Many scholars have categorized the superhero tale as a type of grand myth,1 and the hero is a common archetype in myth.2 However, the modern superhero is different from Homer's heroes. The hero in ancient myths was more driven by self-interest or in protecting the state of the polis or the societal norms from change. Larry Siedentop explains how "the ancient hero had been Odsessyus-like—an aristocrat. Springing from a leading family and often associated with the foundation of cities, the ancient hero was typically male, strong, wily, and successful."3 So, Jason seeks out the Golden Fleece to return to his family and receive the crown, Heracles seeks to perform labors to pay for his sins, and Theseus seeks to restore his birthright.
Siedentop argues the concept of what a hero is morphed as Christians began to topple the values of the Roman Empire. He states the Christian martyr didn't reinforce the established societal expectations, but rebelled against them by refusing to "bend under the claims of family and civic piety or to worship the Emperor." Instead of strengthening the social order of the polis, they "disregarded gender, class, and status."4 Their very public deaths were the epitome of selflessness to the underclass:
In making martyrs of Christians, the ancient world was consecrating what it sought to destroy and destroying what it sought to preserve. For Christian martyrs gained a hold over the popular imagination. And it was easy to see why that should have been so. The martyrs offered a model of heroism. As Tertullian remarked early in the third century, the martyr's blood provided "the seed of the church."5Siedentop summarized it was the cult of the martyrs that "began to redefine heroism."6 Self-sacrifice is the most uniquely Christian aspect for all superheroes. Every hero sacrifices his own happiness or comfort in some way. Superman could rule the planet given his powers. Instead, he accepts being humiliated as Clark Kent in order to serve humanity as Superman.
In Iron Man, Tony Stark realizes that his weapons have been misappropriated by terrorists and his experiences change him so he is no longer driven to build more and profit from them. This even shows up in more complex Marvel storylines, such as Captain America: Civil War. There, the Hobbean Iron Man supports a government registration program for all super-powered beings while Capitan America believes freedom is the natural right of the superhuman. But both are driven to their positions in seeking what's right, not their own interests. This is the opposite of Roman and Greek myths. Leo Partiple observed "Whereas the god heroes of old were petty, cruel, or indifferent, the traditional superheroes try to mirror Christ. They stand against injustice and offer us a moral example to follow."7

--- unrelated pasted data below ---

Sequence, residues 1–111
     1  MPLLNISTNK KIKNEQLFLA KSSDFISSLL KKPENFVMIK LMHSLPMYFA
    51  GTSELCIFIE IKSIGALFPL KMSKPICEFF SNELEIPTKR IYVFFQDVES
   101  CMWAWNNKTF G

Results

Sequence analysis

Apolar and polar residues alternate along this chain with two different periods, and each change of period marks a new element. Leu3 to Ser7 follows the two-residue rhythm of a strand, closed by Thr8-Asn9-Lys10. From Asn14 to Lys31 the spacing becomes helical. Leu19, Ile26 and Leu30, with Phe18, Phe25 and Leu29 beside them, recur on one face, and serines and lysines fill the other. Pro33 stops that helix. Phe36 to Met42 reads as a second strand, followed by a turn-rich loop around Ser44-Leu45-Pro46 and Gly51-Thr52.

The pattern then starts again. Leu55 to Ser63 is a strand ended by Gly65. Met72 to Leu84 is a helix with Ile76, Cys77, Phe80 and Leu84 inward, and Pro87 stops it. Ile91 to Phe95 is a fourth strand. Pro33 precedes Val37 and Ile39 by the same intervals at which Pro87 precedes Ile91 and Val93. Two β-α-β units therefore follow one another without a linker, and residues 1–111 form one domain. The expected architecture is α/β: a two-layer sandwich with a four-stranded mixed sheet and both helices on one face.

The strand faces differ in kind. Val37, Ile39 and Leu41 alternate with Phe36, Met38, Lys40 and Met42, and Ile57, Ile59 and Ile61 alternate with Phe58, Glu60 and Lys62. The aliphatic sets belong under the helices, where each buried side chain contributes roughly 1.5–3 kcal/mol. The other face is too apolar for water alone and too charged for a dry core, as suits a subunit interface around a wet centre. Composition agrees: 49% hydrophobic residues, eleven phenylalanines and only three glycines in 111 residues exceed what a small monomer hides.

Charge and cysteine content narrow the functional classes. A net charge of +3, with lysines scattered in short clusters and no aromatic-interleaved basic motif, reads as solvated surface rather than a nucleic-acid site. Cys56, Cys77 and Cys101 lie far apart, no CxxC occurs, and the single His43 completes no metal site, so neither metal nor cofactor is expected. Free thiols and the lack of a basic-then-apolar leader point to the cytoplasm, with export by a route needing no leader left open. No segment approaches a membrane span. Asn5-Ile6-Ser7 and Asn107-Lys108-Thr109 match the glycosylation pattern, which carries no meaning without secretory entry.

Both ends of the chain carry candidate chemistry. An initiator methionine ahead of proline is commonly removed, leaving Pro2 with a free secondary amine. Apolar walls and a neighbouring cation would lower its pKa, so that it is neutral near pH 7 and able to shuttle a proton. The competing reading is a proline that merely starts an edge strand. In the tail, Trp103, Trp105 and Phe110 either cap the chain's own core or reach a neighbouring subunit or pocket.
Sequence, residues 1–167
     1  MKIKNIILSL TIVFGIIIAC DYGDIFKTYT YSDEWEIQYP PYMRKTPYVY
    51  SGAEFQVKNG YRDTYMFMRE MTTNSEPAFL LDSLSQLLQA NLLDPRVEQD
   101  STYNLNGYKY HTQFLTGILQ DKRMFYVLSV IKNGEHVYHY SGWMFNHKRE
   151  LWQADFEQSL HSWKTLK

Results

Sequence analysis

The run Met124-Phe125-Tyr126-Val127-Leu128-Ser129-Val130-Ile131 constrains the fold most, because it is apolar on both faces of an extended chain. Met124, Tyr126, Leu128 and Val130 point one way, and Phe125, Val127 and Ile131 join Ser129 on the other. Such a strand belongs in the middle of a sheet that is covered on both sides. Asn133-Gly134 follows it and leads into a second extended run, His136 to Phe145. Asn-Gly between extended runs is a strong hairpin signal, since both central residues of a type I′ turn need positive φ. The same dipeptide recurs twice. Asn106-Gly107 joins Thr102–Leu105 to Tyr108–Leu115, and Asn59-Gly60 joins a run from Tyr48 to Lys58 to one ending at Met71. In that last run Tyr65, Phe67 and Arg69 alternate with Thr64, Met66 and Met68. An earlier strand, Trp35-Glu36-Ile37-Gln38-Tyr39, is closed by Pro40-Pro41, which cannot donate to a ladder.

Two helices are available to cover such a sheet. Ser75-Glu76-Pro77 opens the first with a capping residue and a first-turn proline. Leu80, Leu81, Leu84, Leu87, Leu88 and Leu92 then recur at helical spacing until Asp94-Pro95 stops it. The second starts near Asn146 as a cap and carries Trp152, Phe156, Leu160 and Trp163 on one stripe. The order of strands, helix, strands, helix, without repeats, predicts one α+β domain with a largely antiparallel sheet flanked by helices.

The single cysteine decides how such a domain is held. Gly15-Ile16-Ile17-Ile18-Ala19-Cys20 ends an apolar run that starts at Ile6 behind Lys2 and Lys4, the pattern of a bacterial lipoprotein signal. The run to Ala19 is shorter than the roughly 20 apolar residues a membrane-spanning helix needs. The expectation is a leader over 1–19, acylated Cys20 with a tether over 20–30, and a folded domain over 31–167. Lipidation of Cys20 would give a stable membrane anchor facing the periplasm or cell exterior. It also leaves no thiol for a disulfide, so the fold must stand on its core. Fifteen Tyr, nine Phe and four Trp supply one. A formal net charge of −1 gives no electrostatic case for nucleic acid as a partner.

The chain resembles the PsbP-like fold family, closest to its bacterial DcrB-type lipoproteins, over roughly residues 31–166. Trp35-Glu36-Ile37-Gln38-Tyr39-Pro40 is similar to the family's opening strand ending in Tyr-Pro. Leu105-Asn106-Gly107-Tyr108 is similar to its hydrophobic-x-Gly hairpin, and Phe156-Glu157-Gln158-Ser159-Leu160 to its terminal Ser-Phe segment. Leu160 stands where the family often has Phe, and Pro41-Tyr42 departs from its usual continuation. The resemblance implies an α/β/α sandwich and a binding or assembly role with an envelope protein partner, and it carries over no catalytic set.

Siedentop uses the hero as only one small example in his sweeping survey showing how Christian "moral beliefs have given a clear overall ‘direction' to Western history."8 Still, the Christian concept that every human has intrinsic worth stands in stark contrast to pagan societies who would do unconscionable things like discarding infants because they were the wrong sex,9 or selling them for profit or sacrifice.10
The sanctification of human life runs throughout the genre. The 1966 Batman movie has a scene where the caped crusader finds a lit bomb in a dive bar on the wharf and spends several minutes running around Gotham's ship docks seeking a place where he may dispose of the sparking globe without injuring bystanders. The scene is camp and played for laughs. However at the end of the sequence, after Batman is nearly blown to bits, Robin expresses his amazement at taking such a chance:
BATMAN: They may be drinkers, Robin. But they're also human beings, and might still be salvaged. I had to do it.11
The intrinsic worth of all human beings is just one of the uniquely Christian values that are indispensable to creating costumed crusaders. Marco Arnaudo emphasizes this when writing "the traditions that have most profoundly made a mark on the development of the modern superhero genre are undoubtedly Judeo-Christian."12 Christianity changed the idea of what it means to be a hero, and thus opened the door, allowing the modern superhero to emerge.
2. See Joseph Campbell's The Hero with a Thousand Faces. Novato, CA: New World Library, 2008. Print.
3. Siedentop, Larry. Inventing the Individual: The Origins of Western Liberalism. London: Penguin Random House UK, 2014. 79. Print.
4. Siedentop, 2014. 79-80.
5. Siedentop, 2014. 80.
6. Siedentop, 2014.79
7. Partible, Leo. "Superheroes in Film and Pop-Culture." The Gospel According to Superheroes: Religion and Pop Culture. Ed. B. J. Oropeza. New York: Peter Lang, 2008. 251. Print.
8. Siedentop, 2014.2.
9. Schmidt, 2004. 49.
10. See Paul Chamberlain's summation of ancient infanticide in Why People Don't Believe: Confronting Seven Challenges to Christian Faith. Grand Rapids: Baker Books, 2011. 130. Print.
11. Batman. Dir. Les Martinson. Perf. Adam West, Burt Ward. 20th Century Fox, 1966. Film.
12. Arnaudo, 2011. 27.